Conventional loudspeakers are often heavy, require substantial design spaces and are hard to integrate into lightweight structures (e.g., panels). To overcome these drawbacks, this paper presents a novel extremely flat loudspeaker which uses dielectric elastomer actuators with natural rubber for the elastomeric layers and metal electrodes as transduction mechanism. To facilitate the deformation of the elastomer, the electrodes are perforated. The microscopic holes lead to a macroscopically compressible stack configuration despite the elastomer incompressibility. The design is developed and the materials are chosen to guarantee low mechanical and electrical losses and a high efficiency in the entire frequency range up to several kilohertz. The loudspeaker was designed, built and afterwards experimentally investigated and characterised. Laser measurements of the surface velocity were performed to find dynamic effects present at the diaphragm. To further characterise the device, a semi anechoic chamber as used. Sound pressure levels emitted by the device were recorded at different bias and alternating voltages to study their influence. The nonlinearity of the loudspeaker, which is inherent for this kind of actuators, was quantified considering the total harmonic distortion. Here, a dependence on the amplitude of the alternating voltage is observed. Further, the distortion decreases rapidly the higher the frequency is, which qualifies the loudspeaker concept to properly work at high frequencies. Transfer functions between supplied voltage and on-axis sound pressure were measured and showed in principle potential for high frequency application. Further, the behaviour of the diaphragm changing from rigid piston to resilient disk with respect to frequency for different configurations was observed. Additionally, the directivity of the loudspeaker was investigated at several frequencies, and was in accordance with previously found research outcomes. The results, especially in the high frequency range, prove the usability of this design concept for practical applications. Full article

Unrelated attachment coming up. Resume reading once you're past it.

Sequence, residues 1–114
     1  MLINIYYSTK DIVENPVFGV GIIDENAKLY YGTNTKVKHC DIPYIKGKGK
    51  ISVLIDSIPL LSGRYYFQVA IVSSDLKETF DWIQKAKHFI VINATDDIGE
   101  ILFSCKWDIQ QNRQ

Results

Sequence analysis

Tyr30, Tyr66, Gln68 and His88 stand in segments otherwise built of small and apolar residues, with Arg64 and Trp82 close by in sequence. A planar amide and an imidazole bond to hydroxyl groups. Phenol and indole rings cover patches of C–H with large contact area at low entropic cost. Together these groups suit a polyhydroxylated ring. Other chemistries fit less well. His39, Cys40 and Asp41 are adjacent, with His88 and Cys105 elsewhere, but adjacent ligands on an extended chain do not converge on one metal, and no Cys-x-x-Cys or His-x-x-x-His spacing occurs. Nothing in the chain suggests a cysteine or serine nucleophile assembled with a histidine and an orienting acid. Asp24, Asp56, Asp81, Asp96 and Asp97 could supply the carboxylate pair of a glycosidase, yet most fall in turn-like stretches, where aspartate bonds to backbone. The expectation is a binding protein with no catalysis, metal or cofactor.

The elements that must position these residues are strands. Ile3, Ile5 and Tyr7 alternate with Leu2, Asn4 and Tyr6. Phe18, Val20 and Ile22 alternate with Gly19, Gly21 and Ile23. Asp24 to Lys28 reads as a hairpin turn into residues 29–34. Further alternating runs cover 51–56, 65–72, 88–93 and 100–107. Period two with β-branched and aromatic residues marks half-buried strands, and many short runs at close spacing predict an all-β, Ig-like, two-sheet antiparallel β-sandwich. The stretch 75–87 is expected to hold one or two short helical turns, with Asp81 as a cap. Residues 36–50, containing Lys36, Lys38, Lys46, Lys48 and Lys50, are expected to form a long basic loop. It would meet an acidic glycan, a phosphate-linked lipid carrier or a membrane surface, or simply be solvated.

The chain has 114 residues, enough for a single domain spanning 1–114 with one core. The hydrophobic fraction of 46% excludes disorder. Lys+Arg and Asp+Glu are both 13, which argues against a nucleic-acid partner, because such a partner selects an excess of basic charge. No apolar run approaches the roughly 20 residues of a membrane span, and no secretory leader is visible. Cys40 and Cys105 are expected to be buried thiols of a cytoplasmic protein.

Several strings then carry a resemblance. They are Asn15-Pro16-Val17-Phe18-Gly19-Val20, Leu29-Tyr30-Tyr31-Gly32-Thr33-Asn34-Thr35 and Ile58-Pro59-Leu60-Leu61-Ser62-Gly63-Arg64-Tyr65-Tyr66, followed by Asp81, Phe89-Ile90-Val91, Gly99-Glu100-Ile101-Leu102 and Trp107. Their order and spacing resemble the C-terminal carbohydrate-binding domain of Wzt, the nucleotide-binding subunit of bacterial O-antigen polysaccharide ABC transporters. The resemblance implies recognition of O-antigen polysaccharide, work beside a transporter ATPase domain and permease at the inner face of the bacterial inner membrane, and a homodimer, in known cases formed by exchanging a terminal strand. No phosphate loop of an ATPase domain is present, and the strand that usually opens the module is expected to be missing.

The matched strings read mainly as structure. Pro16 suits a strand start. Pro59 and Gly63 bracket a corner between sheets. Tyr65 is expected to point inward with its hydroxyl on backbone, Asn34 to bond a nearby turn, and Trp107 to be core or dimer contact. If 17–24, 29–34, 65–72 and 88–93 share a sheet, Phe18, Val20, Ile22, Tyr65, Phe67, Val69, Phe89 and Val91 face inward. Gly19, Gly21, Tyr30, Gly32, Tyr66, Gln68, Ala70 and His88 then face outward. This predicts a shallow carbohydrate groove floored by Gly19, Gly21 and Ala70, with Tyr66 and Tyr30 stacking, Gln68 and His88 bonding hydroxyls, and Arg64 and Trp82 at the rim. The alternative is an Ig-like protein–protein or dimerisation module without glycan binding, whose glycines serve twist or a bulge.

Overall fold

(This article belongs to the Special Issue Electroactive Polymer Actuators for Soft Robotics)